So there’s my colours nailed to the mast. But before you shoot me down I’ll admit that even I can see that there’s a more than valid call for concern at the dreadful current run of form. So, since I’m in the mood for lists, here’s five things Pearce must do right away to ensure the points above aren’t overshadowed by negatives:
1. Defence
As I stated above I thought Pearce’s team would be defensive, solid and unspectacular to start off with. Most managers build from the back and most developing teams tough out a fair few 1-1 and 0-0 draws while they find their feet. We need to develop a harder edge and stop conceding quite so many goals. Individuals in the back line have certainly let their boss down but there has to be a workable line-up found amongst the squad that can keep some clean sheets, especially now Jack Hobbs has returned.
2. Rotation
I’m all for managers changing things around to outfox an opponent or overcome a weakness but you do feel that some of the changes this season haven’t always paid off. I’m not completely against three centre-halves for example but when we did line up that way we nullified Michail Antonio – who had been our most potent attacking threat. Getting our dangerman to worry about defending as a wing-back seemed barmy. Chopping and changing certainly hasn’t helped us settle into playing decent football either.
3. Motivation
The manager and his staff suggest confidence is a factor in our current malaise and they’re right but, as difficult as it may be, they’re going to have to put that mindset right and inspire them to perform. Timid won’t do – especially in this league – and too many players need to offer leadership on the pitch for Pearce.
4. Loans
It’s too early to judge the most recent two arrivals at the City Ground but we need the January signings to do better than our loan window acquisitions. Sadly for me Jack Hunt faded after a bright start to his loan spell and, embargo or not, was never going to be worth pursuing permanently, especially as the silly money Palace quoted. Worse still was the half-hearted Tom Ince, I would elaborate but that’d be putting more effort in than he did. Like it or loathe it the loan market is vital to add some Premier League quality into any Championship side yet often our two loanees were barely worthy of a spot on the bench. We mustn’t waste the chance to get in some extra quality again – and with Antonio, Burke, Paterson and youngsters the wide positions shouldn’t be a priority.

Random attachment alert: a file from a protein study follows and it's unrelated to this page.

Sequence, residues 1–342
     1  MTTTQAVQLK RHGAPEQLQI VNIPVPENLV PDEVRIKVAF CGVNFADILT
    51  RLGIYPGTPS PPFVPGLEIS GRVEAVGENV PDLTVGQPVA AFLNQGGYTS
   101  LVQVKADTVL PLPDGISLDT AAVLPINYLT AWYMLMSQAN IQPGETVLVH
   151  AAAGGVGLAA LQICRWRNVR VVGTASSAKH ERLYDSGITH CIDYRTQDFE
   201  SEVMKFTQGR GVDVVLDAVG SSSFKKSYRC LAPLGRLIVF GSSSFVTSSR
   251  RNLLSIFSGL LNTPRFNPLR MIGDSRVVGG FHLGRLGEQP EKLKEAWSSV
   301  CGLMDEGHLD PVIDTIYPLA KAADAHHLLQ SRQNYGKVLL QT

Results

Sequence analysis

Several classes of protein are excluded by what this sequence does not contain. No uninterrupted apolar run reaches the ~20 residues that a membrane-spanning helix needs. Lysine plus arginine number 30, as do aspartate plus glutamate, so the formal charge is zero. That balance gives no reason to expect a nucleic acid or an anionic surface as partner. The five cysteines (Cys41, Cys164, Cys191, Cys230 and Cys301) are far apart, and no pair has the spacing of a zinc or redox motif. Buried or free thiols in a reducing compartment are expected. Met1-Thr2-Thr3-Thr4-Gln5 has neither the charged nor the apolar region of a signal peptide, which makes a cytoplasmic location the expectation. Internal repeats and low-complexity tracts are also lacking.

5. Ruthlessness
Pearce doesn’t strike you as someone to shirk a tough decision and he’s got plenty to make. How do we get more than just flashes of talent from Lansbury? How do we stop being so reliant on Reid? Who can step up and deliver decent set pieces? Is Lascelles good enough at the moment? Is Vaughan ever going to be fit enough? Why can’t Fox get the basics right? When will Tesche learn to impose himself better with tougher tackles? How can we ensure Assombalonga doesn’t get frustrated and drift out of games. Why does Lichaj look off the pace? The answer to some of these questions will mean leaving out some of the ‘bigger names’ of the squad – to others it will mean Pearce has to do more to get the best out of the current bunch. We can’t just wait though – he needs answers to some, if not all, of these questions pretty quickly and can’t afford to duck a string of tough decisions.
There’s a lot to get right and much to improve, I accept that. I still think I’d stick with Pearce but boy does he need a win down the A52 on Saturday. If he were to pull that off it’d be time to ditch the smart, besuited image and reach for the iconic fist pump. He knows he’d love to really…

Article first appeared on Seat Pitch: http://seatpitch.co.uk/2015/01/14/case-stuart-pearce/#ixzz3Q3IDZ2f7